Protein C anticoagulant pathway and its role in controlling microvascular thrombosis and inflammation

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Abstract

Objective

To review the physiologic and biochemical mechanisms that suggest that protein C and activated protein C (APC) have unique properties that make them good candidates for the treatment of microvascular thrombosis, disseminated intravascular coagulation, and sepsis.

Data Sources

A summary of published medical literature from MEDLINE search files and published reviews on protein C physiology, biochemical properties, and activity in experimental and human sepsis.

Data Summary

Protein C is critical to the regulation of microvascular coagulation, as seen most clearly in humans born with congenital deficiency of protein C, who develop neonatal purpura fulminans. Protein C supplementation reverses the lesion formation. In primate models of sepsis, APC blocks disseminated intravascular coagulation initiated by Escherichia coli infusion, and inhibition of APC function exacerbates both the coagulant and inflammatory responses of the animals to sublethal levels of E. coli. In vitro experiments have shown that APC can inhibit neutrophil binding to selectins: Endothelial cell protein C receptor, a protein C/APC binding receptor, can bind to proteinase 3 bound to Mac-1 on leukocytes, potentially blocking tight leukocyte adhesion; and APC can inhibit tumor necrosis factor-α secretion by monocytes and other cell lines by interfering with nuclear factor-κB nuclear translocation. By blocking nuclear factor-κB nuclear translocation, cytokine- and endotoxin-mediated adhesion molecule up-regulation is decreased. These properties of APC are consistent with a large number of animal studies demonstrating that APC can diminish complications of crush injury and leukocyte damage to lung and other tissues in response to sepsis and decrease the inflammatory response. The animal studies are consistent with the phase 2 studies reported on APC use in the treatment of human sepsis.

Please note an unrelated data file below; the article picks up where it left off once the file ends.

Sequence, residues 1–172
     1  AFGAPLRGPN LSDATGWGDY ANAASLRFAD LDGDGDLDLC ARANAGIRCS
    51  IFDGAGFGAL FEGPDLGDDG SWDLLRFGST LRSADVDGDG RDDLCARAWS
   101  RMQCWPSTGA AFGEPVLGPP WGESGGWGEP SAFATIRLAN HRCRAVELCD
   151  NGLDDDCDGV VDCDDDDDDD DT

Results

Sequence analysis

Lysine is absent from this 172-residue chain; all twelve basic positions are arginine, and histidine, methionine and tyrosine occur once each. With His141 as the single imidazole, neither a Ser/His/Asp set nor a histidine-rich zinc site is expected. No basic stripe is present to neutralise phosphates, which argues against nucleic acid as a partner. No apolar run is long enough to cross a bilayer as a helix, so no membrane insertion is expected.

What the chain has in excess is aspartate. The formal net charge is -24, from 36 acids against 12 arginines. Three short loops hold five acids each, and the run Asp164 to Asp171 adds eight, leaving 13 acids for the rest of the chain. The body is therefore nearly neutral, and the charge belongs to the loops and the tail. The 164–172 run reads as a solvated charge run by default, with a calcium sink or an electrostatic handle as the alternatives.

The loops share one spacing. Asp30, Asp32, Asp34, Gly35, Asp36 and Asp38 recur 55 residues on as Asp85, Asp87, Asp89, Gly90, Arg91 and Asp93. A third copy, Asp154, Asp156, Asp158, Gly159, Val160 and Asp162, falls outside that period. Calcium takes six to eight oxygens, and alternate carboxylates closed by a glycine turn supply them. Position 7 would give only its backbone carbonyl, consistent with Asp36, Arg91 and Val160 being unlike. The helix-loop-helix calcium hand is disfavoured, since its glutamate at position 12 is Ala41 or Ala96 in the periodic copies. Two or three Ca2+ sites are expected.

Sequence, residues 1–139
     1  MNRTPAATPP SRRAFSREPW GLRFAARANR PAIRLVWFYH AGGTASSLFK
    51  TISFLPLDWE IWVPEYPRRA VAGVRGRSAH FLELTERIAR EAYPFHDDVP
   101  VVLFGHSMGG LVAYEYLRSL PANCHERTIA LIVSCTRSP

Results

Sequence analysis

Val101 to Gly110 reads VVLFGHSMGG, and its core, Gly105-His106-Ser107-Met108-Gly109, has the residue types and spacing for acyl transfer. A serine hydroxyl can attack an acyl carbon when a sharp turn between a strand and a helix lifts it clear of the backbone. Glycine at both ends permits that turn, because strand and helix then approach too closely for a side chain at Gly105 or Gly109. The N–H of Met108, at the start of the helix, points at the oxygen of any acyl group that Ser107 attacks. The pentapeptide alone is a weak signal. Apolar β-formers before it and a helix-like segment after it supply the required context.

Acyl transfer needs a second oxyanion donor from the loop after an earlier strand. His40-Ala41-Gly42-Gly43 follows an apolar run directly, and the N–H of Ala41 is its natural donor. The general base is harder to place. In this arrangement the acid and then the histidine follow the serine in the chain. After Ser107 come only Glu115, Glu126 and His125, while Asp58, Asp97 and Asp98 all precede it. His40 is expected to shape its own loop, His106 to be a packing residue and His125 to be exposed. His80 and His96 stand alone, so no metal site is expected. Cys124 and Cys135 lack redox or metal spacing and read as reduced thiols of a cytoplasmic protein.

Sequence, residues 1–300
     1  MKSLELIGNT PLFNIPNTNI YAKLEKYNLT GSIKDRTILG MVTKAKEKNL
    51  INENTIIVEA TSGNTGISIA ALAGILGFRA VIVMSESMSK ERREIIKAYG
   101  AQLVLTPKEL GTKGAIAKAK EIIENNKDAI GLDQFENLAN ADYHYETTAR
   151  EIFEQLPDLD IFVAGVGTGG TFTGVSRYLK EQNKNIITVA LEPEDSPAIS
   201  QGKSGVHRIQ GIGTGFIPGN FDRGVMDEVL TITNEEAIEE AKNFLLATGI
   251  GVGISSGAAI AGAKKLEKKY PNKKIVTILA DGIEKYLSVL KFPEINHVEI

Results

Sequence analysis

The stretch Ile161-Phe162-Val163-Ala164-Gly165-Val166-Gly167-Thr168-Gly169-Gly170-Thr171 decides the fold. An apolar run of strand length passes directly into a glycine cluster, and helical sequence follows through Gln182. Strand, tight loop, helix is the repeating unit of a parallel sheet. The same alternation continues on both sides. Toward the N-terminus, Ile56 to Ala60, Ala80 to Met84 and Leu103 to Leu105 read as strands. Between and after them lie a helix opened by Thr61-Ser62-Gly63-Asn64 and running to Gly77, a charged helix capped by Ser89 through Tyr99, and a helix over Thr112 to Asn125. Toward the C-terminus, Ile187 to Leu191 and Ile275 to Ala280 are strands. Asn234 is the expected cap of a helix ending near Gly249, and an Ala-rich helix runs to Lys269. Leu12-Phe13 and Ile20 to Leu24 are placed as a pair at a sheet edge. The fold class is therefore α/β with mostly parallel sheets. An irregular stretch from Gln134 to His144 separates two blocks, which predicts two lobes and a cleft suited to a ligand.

Conclusions

The protein C pathway is uniquely poised to interfere with the microvascular coagulation and inflammation that follows challenge with endotoxin. By limiting leukocyte activation, cytokine elaboration, and microvascular coagulation, APC has been shown to prevent organ damage in experimental models of sepsis. These results are consistent with the initial phase 2 reports of APC therapy in human sepsis suggesting a clinical benefit and demonstrating anti-inflammatory activity with several reports of apparent protein C effectiveness in severe sepsis, especially meningococcemia.

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